Bad service disguised as good service
They have a saying in Texas, “Don’t pee on my boots and tell me it’s raining.” But that’s how a lot of service offerings appear these days.
Several years ago, I took this picture at the Portland, Oregon Hilton:
Hmm. If they were really interested in my convenience they wouldn’t have removed half of the ice machines. Long ago, I came to the realization that anytime someone told me something was “for my convenience” it probably wouldn’t be.
In December, my family and I went to brunch at the Rusty Pelican restaurant on Key Biscayne. Because the parking lot is too small, the restaurant only provides valet parking during peak periods. There is no second option.
We arrived at the restaurant on time, early in fact. But it took another 15 minutes to creep to the entrance and actually get rid of the car. Inside, the hostess curtly informed us that even though we were late for our reservation, she’d “try and squeeze us in.” An inauspicious start to a lovely meal.
Sir Colin Marshall (now Lord Marshall), then CEO of British Airways (later Chairman), once told me that keeping airline customers happy means a lot more than giving them free food and drinks; if the front-line personnel screws up, the overall impression will remain bad despite your best on-board efforts.
Happily, the Rusty Pelican has a GREAT brunch. So everything was fine…or was it?
Here’s the line of people waiting to pick up cars after their meal:
Is this good customer service? A 15-minute wait to drop off the car? 30 minutes to get it back again? Hey, don’t pee on my boots…
I always thought valet parking came under the heading of a “luxury service” – after all, I’m expected to be grateful and tip these car jockeys. But is it really a service? No, it’s an unsolved problem hiding behind a misleading label.
Websites pull the same stunt. Check out the so-called welcome screen at Wine.com:
Unless you type in the abbreviation for a U.S. state, they won’t let you in. Try FL for Florida – the site with further insist on your zip code. Quite apart from the questionable legality of requesting personal information before it is actually needed to complete a transaction, Wine.com excuses this bizarre on-line experience with the following:
“Because wine availability and pricing may vary from state to state due to the way interstate commerce laws influence our buying patterns, Wine.com created this layover welcome screen to prevent confusion.”
“Welcome screen?” Hey folks, you stopped me at the door before I even had a chance to see what your site was about. No welcome in sight.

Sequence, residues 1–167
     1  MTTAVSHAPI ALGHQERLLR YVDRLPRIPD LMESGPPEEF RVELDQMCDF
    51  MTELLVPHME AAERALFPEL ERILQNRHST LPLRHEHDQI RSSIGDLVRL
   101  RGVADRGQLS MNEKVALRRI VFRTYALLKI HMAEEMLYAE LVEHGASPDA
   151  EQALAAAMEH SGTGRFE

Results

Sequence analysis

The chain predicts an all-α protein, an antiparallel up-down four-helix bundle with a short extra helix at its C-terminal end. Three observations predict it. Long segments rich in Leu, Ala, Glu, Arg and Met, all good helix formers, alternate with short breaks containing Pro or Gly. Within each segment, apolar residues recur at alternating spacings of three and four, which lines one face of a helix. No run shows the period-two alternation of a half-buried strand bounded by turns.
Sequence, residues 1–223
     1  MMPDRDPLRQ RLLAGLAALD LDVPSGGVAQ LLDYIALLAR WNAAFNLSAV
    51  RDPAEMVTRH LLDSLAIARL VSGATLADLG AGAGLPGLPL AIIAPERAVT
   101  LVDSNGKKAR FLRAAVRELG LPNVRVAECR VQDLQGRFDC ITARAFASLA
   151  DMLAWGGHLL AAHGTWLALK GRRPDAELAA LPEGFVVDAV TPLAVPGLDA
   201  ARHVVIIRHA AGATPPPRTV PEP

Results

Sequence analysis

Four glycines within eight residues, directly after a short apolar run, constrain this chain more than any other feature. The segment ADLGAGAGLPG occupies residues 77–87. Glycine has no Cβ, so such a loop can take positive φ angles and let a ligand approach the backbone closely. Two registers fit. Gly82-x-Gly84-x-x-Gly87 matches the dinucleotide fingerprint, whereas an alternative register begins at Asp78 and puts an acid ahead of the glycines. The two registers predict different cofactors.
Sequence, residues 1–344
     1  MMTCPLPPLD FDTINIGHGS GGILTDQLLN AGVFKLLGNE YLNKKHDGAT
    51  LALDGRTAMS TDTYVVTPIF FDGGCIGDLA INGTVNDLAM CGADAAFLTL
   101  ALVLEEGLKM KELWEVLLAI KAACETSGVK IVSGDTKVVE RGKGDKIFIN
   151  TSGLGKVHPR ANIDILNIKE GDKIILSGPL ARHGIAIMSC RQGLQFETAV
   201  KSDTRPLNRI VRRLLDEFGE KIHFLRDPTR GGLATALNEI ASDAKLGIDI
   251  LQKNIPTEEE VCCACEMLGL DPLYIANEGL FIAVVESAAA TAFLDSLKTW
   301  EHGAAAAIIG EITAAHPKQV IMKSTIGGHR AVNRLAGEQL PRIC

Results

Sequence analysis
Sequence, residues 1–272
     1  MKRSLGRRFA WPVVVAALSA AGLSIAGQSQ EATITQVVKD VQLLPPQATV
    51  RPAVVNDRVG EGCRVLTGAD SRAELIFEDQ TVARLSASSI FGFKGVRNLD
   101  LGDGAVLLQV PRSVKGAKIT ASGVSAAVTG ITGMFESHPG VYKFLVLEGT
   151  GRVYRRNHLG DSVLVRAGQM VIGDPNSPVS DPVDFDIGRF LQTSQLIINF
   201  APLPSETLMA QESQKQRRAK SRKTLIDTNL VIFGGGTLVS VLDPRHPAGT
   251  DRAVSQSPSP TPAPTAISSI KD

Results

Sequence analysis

And on a SAS flight last week from Frankfurt to Copenhagen, there was no more food for those of us sitting in Economy Crap. Although the in-flight menu said we could buy a sandwich, the stewardess explained that the sandwiches taste so good that they often sell out on the first leg of the flight.
Let me see if I’ve understood this: because the food is good, there isn’t enough of it? Are people booking flights on SAS just to sample the cuisine? Or is SAS simply incapable of anticipating the needs of a plane full of hungry passengers on a noontime flight?
OK. This is slightly unfair. The stewardess was actually very nice and would have really liked to help if she could. But it didn’t stop my tummy from growling at 35,000 feet.
The SAS story is vaguely related to an interesting phenomenon known as being TOO helpful. Computer applications are prone to this: “Do you REALLY want to close this window?” The infamous “Clippy” from early Windows products was a prime example of this. And we’ve all fought with the irritating desktop cleanup service in XP:
BTW, if you want to get rid of this, follow the following path:
Control panel > Display options > Desktop > Customize desktop > General
Now unclick the Desktop Cleanup box. Simple, huh? (It took me almost a year to figure this one out).
In a world where products are becoming more and more alike, service is often the only differentiating factor. So don’t let someone con you into thinking that you are receiving good service when the opposite is actually the case – well-intentioned or not. If we don’t demand better service, we will never receive it.
Don’t pee on my boots…